An often-discussed, perceived barrier for companies on the journey to becoming payment facilitators is compliance. It’s the one area that everyone considering a strategic move into payments knows is a requirement but tries to avoid for as long as possible. Even the word compliance sounds cumbersome to some.
But the truth is, compliance is just a grouping of requirements that organizations who have the authority to process transactions need to adhere to for their protection and that of their customers. Earning the right to process hundreds of millions (or billions) of dollars in transactions should come with the responsibility to ensure companies are protecting themselves and those they process payments on behalf of from fraud and questionable practices.
Why We Have Compliance
Many of the policies that are standard today in the financial services industry are directly correlated to the rapid rise of digitization in payments that started in the 1990s. As it became easier to accept payments online at scale, the potential for risk increased proportionally. Card networks realized quickly that network-wide guidelines would need to serve as a protection for consumers and financial institutions from fraudsters eager to take advantage of little to no oversight.
Compliance Requirement #1: PCI-DSS Level 1
Because payment facilitators operate as mini-processors and can process transactions, underwrite sub-merchants, manage disputes, and make payouts on behalf of sub-merchants, they’re required to meet industry compliance standards.
PCI-DSS is an industry abbreviation for Payment Card Industry Data Security Standards. You can see why most people use the abbreviation “PCI compliance”. The levels refer to processing volume where Level 1 equals more than 300,000 transactions and Level 2 refers to a volume of less than 300,000. This set of standards governed by six goals focuses on:
- Network security through firewalls and unique passwords
- Cardholder protection via encrypted data
- Vulnerability management and maintenance
- Implementation of access control measures to restrict data access
- A regular schedule of monitoring and network testing
- Maintenance of a current information security policy
These six goals act as preliminary lines of defense policies against fraud and data breaches that any organization, regardless of size and complexity can succumb to.
Compliance requirement #2: KYC
Part of a thorough compliance program includes customer identity verification, more commonly knowns as KYC or Know Your Customer. Even with improved data security measures and awareness, criminals can pose as people they are not. By taking steps to verify the identity of new merchants during underwriting and onboarding, organizations have a secondary line of defense against illegal practices and can remain compliant.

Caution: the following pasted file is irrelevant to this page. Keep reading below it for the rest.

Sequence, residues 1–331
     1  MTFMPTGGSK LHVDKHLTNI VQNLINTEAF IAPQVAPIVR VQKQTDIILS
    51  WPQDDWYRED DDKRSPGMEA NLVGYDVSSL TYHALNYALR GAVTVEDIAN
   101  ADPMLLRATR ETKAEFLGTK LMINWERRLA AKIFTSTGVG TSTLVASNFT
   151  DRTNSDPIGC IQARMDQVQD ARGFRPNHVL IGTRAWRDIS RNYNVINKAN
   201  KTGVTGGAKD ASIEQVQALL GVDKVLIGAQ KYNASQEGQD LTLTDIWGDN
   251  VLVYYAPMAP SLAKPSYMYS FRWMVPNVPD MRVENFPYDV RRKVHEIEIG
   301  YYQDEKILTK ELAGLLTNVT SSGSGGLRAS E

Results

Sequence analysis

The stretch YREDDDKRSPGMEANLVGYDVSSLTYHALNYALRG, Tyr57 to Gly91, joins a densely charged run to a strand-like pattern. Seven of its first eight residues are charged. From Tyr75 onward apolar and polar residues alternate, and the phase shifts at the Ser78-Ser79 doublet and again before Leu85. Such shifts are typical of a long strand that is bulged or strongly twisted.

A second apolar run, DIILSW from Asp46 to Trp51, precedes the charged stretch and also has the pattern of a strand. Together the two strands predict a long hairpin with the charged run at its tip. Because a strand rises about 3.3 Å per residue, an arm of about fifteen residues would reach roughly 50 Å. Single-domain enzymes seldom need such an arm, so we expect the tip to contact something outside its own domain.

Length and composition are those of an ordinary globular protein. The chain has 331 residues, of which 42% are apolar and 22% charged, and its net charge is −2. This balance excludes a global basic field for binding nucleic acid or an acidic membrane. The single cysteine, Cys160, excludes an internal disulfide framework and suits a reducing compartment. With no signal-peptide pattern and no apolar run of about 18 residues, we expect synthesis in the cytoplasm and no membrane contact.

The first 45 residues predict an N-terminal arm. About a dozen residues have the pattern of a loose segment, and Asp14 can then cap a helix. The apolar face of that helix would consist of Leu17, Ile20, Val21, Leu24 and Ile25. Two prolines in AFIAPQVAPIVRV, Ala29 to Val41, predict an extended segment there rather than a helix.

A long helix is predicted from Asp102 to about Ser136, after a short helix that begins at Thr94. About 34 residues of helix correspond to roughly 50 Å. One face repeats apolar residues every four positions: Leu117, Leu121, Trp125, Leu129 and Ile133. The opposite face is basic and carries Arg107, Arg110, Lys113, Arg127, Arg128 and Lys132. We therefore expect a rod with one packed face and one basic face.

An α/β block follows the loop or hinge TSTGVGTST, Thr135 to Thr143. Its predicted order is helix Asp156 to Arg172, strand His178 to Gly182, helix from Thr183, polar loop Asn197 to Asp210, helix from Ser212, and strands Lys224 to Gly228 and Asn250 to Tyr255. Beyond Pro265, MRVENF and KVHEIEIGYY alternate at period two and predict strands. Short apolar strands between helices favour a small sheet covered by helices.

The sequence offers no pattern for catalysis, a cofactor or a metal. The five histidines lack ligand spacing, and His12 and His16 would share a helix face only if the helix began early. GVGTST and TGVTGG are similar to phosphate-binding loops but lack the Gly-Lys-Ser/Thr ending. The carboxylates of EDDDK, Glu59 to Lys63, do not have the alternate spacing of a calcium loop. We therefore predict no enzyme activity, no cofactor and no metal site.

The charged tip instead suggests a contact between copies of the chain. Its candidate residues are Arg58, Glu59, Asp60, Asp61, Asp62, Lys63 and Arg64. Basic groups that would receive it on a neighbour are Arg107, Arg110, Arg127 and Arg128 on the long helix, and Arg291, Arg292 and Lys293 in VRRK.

Collection of standard data on new customers during the customer identification phase of KYC programming includes gathering the following basic information for each new merchant:
- Place and DOB
- ID number
Customer Due Diligence, however, can be a slightly more involved process because there are three levels of due diligence that require varying degrees of involvement.
For merchants who have low-risk profiles or low-value accounts, Basic Customer Due Diligence satisfies this secondary compliance requirement. For higher-risk merchants, say those with political affiliations that could be abused for money laundering, Enhanced Customer Due Diligence requires collection of additional identity verification materials, in some cases to be collected by a third party. To decide whether a potential merchant is high-risk, it’s important to consider customer risk factors like geographic location and the type of business a merchant conducts. Cash-intensive businesses present as high-risk, for example, because of the high potential for money laundering.
Upon completion of Customer Due Diligence, an Ongoing Monitoring program, which provides customer oversight, must be established in accordance with KYC. Organizations can decide the frequency by which they review merchant accounts for things like spikes in activity, unusual cross-border activities, presence of people from sanction lists, and negative media coverage. If irregularities are found during monitoring, it may be necessary to file a Suspicious Activity Report (SAR) to the Financial Crimes Enforcement Network (FinCEN).
Compliance requirement #3: AML Programs
Money Laundering through offshore companies and fraudulent record-keeping remain primary ways that criminals shelter and move illicit funds. Establishing and maintaining an Anti-Money Laundering/Counter-Terrorism Financing (AML/CTF) program means adherence to the following four pillars of AML:
- Dedicated personnel and staff: Selecting trusted, internal staff responsible for AML maintenance ensures accurate reporting and expertise.
- Internal controls: Risk assessments should be identified relating to products and services, customers serviced, and operations.
- Training: Merchant customers must determine a timeline for thorough training of new organizational employees.
- Independent Audit: A third-party audit can provide an unbiased report on the risk profile of customers and their associated products.
The benefits of remaining compliant far outweigh any associated costs. All financial services organizations share the responsibility to maintain the highest standards of compliance when conducting transactional business. Keeping sensitive data safe from fraudsters is possible by committing to a robust compliance program.